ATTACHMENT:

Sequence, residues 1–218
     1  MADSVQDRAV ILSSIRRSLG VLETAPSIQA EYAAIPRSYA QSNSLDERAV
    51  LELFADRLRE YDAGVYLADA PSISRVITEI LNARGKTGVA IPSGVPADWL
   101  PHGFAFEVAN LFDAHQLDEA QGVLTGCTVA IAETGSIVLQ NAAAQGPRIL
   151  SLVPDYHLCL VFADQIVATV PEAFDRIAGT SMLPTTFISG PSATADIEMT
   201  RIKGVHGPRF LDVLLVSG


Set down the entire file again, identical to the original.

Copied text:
Sequence, residues 1–218
     1  MADSVQDRAV ILSSIRRSLG VLETAPSIQA EYAAIPRSYA QSNSLDERAV
    51  LELFADRLRE YDAGVYLADA PSISRVITEI LNARGKTGVA IPSGVPADWL
   101  PHGFAFEVAN LFDAHQLDEA QGVLTGCTVA IAETGSIVLQ NAAAQGPRIL
   151  SLVPDYHLCL VFADQIVATV PEAFDRIAGT SMLPTTFISG PSATADIEMT
   201  RIKGVHGPRF LDVLLVSG